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ANCHORAGE, Alaska — Fear that a killer was on the loose spread among residents of an island off Alaska's mainland Friday, with no suspect identified more than 24 hours after someone shot to death two people at a Coast Guard communications station.
"We don't have stuff like that happen here," said Wendy Cavender, a bartender at the B&B bar in Kodiak, a city about eight miles from the Coast Guard base on Kodiak Island. "All anybody knows is that there is a shooter and that person might still be at large."
People in town weren't being told enough about what happened, and that was making residents jumpy, said Cavender, whose bar is popular with fishermen. Many were on the verge of arming themselves.
"I just think they need to release all the information they have so people don't get crazy and paranoid, which might lead to violence," Cavender said.
The Coast Guard on Friday identified the two victims as Richard Belisle and Petty Officer 1st Class James Hopkins. Belisle, 51, lived in Kodiak and was a retired Coast Guard chief petty officer working at the base as a civilian employee. Hopkins was an electronics technician from Vergennes, Vt. Hopkins' age was not immediately available.
A woman who identified herself as a family friend and answered the phone at the Belisle home said the family was not commenting at the time. Attempts to reach Hopkins' family were not immediately successful.
The bodies were found Thursday morning shortly after the two would have arrived for work at the station that monitors radio traffic from ships and planes.
The FBI is treating the case as a double homicide, and no arrests have been made.
Law enforcement officials were being tight-lipped about the situation.
The FBI, the Coast Guard and the Alaska State Troopers were involved in the investigation, but Troopers spokeswoman Megan Peters declined to provide information about the agency's involvement.
There was "no evidence to suggest that the community at large is in danger," Peters said. But, she said, "People should remain vigilant in being aware of their surroundings and report any suspicious activity to local law enforcement or state troopers."
Another Coast Guard member found the victims at their work areas inside the station, spokeswoman Sara Francis said. FBI agents flew to Kodiak Island from Anchorage, about 250 miles away.
"There is someone loose who murdered two people," said FBI spokesman Eric Gonzalez, who also said there was no indication other people on the island were in any immediate danger.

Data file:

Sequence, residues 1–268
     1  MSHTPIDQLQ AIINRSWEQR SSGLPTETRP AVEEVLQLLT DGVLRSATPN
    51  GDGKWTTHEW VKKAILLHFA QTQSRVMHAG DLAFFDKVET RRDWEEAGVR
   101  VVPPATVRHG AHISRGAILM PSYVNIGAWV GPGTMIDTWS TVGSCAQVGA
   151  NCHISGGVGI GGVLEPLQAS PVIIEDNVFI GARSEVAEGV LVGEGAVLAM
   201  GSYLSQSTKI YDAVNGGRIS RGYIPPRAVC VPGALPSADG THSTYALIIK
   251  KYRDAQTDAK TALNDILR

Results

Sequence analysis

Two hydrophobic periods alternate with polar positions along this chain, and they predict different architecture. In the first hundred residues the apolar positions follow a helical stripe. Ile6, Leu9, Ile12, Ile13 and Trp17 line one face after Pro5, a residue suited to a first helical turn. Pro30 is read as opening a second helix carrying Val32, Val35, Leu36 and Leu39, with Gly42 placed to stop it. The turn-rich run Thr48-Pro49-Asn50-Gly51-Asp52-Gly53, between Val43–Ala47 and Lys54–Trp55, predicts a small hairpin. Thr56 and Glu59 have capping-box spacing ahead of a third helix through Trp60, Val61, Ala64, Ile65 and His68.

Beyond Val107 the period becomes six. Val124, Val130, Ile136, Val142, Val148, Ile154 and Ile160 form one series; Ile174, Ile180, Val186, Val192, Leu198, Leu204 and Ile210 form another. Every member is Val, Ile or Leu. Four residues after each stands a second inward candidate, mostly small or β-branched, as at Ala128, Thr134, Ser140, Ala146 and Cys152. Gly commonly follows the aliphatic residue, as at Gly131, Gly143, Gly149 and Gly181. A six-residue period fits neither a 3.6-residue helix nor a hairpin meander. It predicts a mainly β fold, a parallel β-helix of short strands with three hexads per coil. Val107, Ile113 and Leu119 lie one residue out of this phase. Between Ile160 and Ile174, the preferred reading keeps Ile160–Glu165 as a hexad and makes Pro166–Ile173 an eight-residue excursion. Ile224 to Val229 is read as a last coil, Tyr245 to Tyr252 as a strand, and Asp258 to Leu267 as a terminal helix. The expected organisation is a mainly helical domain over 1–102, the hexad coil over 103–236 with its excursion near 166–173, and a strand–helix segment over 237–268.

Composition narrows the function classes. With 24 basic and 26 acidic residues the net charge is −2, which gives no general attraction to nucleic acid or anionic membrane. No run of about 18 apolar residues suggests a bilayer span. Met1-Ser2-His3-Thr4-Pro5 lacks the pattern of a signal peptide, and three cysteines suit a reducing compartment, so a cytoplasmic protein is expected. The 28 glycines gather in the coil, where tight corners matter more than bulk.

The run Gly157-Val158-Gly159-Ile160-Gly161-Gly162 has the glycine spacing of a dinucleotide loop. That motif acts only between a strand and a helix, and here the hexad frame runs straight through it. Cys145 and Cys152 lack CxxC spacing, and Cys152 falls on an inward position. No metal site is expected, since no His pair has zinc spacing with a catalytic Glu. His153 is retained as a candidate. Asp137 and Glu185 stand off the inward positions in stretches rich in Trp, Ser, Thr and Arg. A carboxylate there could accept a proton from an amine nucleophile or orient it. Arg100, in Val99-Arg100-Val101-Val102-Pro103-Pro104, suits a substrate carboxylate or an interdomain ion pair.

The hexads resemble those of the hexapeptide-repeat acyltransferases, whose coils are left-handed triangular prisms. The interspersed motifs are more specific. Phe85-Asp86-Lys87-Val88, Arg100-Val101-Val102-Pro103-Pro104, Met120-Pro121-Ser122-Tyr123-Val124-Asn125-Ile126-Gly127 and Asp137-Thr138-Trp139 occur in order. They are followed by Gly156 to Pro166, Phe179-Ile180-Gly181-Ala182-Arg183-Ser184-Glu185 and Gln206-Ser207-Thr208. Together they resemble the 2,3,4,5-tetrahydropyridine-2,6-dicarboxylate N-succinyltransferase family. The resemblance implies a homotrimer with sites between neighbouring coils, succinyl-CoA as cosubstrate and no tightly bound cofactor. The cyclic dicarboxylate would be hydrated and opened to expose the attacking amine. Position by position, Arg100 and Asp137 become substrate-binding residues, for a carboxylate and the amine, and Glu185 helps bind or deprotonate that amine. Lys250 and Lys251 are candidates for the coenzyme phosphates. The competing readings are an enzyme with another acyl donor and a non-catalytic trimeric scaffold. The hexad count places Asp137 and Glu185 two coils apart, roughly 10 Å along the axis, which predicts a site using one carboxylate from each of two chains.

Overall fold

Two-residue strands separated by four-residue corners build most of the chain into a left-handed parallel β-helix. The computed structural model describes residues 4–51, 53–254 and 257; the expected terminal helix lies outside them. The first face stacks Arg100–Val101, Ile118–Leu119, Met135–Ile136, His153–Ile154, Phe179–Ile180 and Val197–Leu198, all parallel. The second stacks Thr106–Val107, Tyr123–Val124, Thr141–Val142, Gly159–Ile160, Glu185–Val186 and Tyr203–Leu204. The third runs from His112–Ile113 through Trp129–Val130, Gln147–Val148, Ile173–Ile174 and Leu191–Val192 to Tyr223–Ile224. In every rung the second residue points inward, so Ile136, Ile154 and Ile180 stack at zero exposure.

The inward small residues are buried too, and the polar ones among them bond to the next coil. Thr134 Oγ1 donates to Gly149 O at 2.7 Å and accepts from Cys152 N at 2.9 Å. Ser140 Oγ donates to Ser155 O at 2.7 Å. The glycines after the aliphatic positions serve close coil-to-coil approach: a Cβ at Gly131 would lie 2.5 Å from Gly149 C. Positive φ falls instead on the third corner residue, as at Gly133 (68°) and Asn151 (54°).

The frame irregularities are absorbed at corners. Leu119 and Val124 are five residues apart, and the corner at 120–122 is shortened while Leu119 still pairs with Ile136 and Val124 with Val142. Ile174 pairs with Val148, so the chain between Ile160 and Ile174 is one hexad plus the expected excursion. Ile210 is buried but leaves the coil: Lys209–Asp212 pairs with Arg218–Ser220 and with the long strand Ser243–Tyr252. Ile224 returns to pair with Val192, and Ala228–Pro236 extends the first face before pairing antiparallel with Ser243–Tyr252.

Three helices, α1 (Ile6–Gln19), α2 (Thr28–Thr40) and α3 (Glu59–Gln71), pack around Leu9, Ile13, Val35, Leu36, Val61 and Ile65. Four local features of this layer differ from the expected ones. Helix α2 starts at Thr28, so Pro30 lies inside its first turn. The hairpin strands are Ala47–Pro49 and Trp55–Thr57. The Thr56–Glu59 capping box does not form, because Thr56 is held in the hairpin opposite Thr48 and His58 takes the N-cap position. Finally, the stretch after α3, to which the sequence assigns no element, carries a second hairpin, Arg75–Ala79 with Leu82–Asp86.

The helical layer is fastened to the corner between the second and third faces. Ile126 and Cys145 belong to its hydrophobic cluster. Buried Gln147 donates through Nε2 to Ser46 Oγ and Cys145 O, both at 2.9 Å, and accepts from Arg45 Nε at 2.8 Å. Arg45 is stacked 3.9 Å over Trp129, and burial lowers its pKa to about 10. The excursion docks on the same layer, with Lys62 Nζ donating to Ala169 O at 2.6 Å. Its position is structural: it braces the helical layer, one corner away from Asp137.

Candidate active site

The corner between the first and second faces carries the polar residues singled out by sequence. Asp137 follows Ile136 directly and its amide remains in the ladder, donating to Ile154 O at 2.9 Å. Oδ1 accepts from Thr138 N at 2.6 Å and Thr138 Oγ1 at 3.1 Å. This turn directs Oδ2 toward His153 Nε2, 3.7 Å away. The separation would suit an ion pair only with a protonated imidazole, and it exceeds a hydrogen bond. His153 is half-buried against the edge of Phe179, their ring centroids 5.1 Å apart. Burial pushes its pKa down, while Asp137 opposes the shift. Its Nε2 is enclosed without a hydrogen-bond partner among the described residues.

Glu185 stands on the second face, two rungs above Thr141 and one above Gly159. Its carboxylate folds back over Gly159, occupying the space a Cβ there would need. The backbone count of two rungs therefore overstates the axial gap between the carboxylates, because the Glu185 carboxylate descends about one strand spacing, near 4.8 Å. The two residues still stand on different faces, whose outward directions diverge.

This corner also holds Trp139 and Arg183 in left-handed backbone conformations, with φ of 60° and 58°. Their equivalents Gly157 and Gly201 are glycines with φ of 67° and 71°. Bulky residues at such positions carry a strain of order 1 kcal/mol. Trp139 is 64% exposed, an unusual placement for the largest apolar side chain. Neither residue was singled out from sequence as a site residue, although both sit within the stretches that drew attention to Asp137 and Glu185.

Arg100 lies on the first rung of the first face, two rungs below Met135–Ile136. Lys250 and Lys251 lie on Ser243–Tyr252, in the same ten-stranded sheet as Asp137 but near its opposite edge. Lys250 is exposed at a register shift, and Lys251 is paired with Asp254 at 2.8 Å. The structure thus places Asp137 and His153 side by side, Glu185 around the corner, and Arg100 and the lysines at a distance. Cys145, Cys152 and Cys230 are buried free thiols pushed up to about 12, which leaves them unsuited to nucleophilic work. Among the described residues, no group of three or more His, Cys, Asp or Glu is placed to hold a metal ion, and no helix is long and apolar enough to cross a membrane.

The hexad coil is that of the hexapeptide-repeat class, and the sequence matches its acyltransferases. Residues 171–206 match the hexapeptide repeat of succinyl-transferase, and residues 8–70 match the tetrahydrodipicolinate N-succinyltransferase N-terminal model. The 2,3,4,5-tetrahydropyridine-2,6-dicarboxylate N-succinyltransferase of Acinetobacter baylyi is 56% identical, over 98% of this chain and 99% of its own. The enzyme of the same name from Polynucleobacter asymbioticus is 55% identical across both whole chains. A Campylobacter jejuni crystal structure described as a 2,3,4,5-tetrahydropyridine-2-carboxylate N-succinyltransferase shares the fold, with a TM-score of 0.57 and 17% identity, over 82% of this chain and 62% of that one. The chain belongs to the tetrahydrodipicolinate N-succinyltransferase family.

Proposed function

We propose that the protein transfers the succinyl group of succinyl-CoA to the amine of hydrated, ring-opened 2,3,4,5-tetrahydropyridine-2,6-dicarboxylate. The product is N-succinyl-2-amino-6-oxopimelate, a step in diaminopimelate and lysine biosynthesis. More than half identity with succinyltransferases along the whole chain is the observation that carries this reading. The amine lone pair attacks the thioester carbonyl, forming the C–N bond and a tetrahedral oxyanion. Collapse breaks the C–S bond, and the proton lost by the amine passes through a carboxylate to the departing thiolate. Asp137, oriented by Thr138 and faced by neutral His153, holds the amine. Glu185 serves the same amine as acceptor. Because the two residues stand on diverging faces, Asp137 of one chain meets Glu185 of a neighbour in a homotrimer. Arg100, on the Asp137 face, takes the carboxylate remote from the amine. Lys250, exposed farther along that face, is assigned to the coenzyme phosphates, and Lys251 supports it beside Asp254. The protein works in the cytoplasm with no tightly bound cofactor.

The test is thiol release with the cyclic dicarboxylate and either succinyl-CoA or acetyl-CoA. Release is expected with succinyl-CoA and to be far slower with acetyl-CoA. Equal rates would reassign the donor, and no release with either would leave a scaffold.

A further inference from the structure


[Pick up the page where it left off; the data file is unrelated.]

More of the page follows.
The Kodiak area has about 13,000 residents and is the island's largest city.
The Coast Guard station is composed of a main building and several other buildings. Francis declined to say exactly where the killings occurred, citing Coast Guard policy about discussing ongoing investigations. The Kodiak Daily Mirror newspaper said the bodies were found inside one of the station's work buildings.
A Coast Guard official said the base remained on heightened security Friday. Military police were making more frequent drives around neighboring Peterson Elementary School and "keeping us on watch for the day," school secretary Cathy Wilson said.
There were numerous absences Friday at the school, but it was unclear how many were due to illness or the shootings, Wilson said.
The Coast Guard has sent crisis response teams to Kodiak.
"As an organization with roots in saving lives and a focus on protecting people, this tragic event has shocked us all," Rear Adm. Thomas Ostebo said in a statement. "My thoughts and prayers are with the victim's families, their loved ones, and the entire Kodiak community."
Capt. Jesse Moore, commanding officer of the base on Kodiak, was to meet Friday with base personnel to discuss the shootings, said Petty Officer Charly Hengen.
"There is a sense of deep sadness here, not only in the town but at the Coast Guard base," she said. "A lot of us are not related to each other but we treat each other like a family."
Moore said the shootings likely occurred sometime between 7 and 8 a.m. He said he wasn't aware of any threats or anything else that might have indicated problems at the station.
The station is equipped with security cameras that cover the entire area, but it was not yet known if they captured any evidence, Moore said.
Francis said the rest of the roughly 60 enlisted personnel and civilians who work at the station have been accounted for.
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